Willie McGinest speaks out against Massachusetts bill to ban youth tackle football

The former Patriots linebacker says "kids of all ages" should have the opportunity to participate.

Willie McGinest is inducted into the New England Patriots Hall of Fame during a 2015 game against the Miami Dolphins at Gillette Stadium. Jim Rogash / Getty Images

Willie McGinest says he stands with those protesting a new Massachusetts bill that would ban tackle football for all children until after seventh grade.

“I love the game of football and want kids of all ages to have the opportunity to participate in it,” the former New England Patriots linebacker said in a statement released Tuesday evening by the NFL’s communications department.

The statement came hours after dozens — including fellow former Patriots linebacker Andre Tippett — rallied Tuesday outside the State House in Boston in opposition to the recent legislation to effectively ban any child “in grade seven or under” from participating in “organized tackle football,” amid mounting concerns about the dangers of repeated head trauma, particularly for young athletes, and evidence linking youth football to cognitive problems later in life. The bill would not place any restrictions on non-tackle football.


McGinest, however, is a member of the NFL Legends Youth Advisory Committee, a league-backed group that is working to improve coaching and tackling techniques in high school and youth football leagues, rather than banning the sport outright at the lower levels.

The 12-year NFL veteran says that football provided a source of opportunity for him and can teach children about values like “accountability, teamwork, sportsmanship, discipline, and responsibility.”

“For me and the way I teach the game, football is not just about X’s and O’s,” the 47-year-old McGinest said Tuesday. “It instills foundational principles — principles that have guided and directed me during each important step of my life.”

A Boston University study of 246 deceased football players last year found that those who began playing tackle football before the age of 12 experienced cognitive, behavior, and mood symptoms “an average of 13 years earlier than those who started playing at age 12 or older.”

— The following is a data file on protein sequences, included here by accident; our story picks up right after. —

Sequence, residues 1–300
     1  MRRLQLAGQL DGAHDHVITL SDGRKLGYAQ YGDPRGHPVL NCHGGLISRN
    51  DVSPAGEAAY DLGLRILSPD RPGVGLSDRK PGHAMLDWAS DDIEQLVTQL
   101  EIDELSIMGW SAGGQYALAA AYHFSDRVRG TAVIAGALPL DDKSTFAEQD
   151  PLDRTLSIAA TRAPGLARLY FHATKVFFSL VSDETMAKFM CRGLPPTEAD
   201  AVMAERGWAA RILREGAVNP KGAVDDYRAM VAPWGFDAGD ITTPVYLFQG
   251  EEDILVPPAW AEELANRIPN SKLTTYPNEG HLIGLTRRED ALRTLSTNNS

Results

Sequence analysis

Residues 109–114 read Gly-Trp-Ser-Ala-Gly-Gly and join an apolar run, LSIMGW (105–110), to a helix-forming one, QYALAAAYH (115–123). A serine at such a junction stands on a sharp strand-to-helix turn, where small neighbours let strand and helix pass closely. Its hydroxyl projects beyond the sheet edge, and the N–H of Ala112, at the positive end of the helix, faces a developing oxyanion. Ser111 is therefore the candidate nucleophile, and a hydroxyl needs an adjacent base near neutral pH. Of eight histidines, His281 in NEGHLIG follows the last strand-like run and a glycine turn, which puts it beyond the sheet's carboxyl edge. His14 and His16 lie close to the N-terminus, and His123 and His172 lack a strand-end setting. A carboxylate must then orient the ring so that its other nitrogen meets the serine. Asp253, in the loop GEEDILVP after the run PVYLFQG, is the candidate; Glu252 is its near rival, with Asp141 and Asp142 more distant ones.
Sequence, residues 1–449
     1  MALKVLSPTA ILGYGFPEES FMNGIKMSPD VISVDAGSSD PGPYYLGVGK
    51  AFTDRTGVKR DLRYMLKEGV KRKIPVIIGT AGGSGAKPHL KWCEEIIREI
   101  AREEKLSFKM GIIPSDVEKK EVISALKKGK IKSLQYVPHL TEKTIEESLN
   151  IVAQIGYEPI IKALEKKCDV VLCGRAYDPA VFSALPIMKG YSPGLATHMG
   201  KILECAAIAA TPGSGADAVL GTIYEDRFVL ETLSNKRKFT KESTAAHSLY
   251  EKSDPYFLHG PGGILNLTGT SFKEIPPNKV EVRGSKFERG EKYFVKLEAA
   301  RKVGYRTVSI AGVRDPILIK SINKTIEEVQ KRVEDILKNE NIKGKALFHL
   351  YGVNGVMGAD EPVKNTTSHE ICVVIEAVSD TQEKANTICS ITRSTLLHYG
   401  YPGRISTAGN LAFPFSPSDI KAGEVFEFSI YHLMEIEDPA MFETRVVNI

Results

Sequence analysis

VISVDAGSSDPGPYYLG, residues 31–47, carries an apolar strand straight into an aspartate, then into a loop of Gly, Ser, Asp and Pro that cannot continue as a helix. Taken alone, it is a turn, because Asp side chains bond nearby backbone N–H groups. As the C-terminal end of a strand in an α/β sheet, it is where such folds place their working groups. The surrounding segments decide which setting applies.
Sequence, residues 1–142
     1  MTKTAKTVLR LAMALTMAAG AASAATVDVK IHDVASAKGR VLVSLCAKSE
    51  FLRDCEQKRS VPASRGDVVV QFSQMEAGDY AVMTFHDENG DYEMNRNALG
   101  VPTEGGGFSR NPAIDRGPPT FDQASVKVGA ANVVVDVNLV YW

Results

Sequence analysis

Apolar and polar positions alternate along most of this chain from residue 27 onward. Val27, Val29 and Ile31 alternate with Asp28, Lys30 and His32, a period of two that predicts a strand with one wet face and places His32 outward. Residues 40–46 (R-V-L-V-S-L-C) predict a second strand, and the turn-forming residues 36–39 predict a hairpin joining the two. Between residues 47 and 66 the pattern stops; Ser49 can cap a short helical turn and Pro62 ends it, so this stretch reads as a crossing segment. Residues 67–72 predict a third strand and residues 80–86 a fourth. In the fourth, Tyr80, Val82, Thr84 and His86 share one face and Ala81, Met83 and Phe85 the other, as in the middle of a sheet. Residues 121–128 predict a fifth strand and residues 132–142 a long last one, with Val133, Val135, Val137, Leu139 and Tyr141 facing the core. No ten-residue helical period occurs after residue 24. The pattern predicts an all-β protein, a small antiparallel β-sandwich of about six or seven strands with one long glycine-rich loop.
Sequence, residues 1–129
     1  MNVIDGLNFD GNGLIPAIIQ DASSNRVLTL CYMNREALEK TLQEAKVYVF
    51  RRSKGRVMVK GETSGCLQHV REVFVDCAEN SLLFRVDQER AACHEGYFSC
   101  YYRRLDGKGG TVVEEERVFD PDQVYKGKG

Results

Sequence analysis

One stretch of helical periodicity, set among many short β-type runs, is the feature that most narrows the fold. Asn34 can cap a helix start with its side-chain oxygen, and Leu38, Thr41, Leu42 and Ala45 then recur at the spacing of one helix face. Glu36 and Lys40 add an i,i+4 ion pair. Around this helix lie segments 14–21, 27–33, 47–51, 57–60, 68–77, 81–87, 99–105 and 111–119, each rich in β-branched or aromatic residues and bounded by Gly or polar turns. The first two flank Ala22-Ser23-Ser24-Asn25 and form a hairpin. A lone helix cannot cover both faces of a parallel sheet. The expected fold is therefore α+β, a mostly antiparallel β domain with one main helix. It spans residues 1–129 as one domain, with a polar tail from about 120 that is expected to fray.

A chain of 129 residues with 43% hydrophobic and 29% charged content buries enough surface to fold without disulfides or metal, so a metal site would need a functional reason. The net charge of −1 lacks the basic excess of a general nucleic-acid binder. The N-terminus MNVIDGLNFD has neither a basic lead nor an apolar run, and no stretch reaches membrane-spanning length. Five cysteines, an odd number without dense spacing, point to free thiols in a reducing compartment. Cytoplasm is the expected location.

Youth football supporters argue that the sport is now safer than it has ever been due to new rules and “greater awareness.”

However, not all former players — or even former Patriots — agree that the sport is a risk worth taking at a young age.

“I beg of you, all parents to please don’t let your children play football until high school,” Nick Buoniconti, a 78-year-old former Miami Dolphins and Patriots linebacker, who now struggles with the symptoms of likely chronic traumatic encephalopathy, a neurodegenerative brain disease associated with contact sports and military service, said last year as part of a Boston-based effort to promote flag football for those under 14.


“I made the mistake starting tackle football at 9 years old,” Buoniconti said. “Now, CTE has taken my life away. Youth tackle football is all risk with no reward.”

Massachusetts isn’t the first state where legislation has been introduced to ban youth tackle football. State lawmakers in California, Illinois, Maryland, New York, and New Jersey have also introduced bills to ban tackle football for children under 12 years old (or in the case of Maryland, below high school level). However, none have gotten close to becoming law.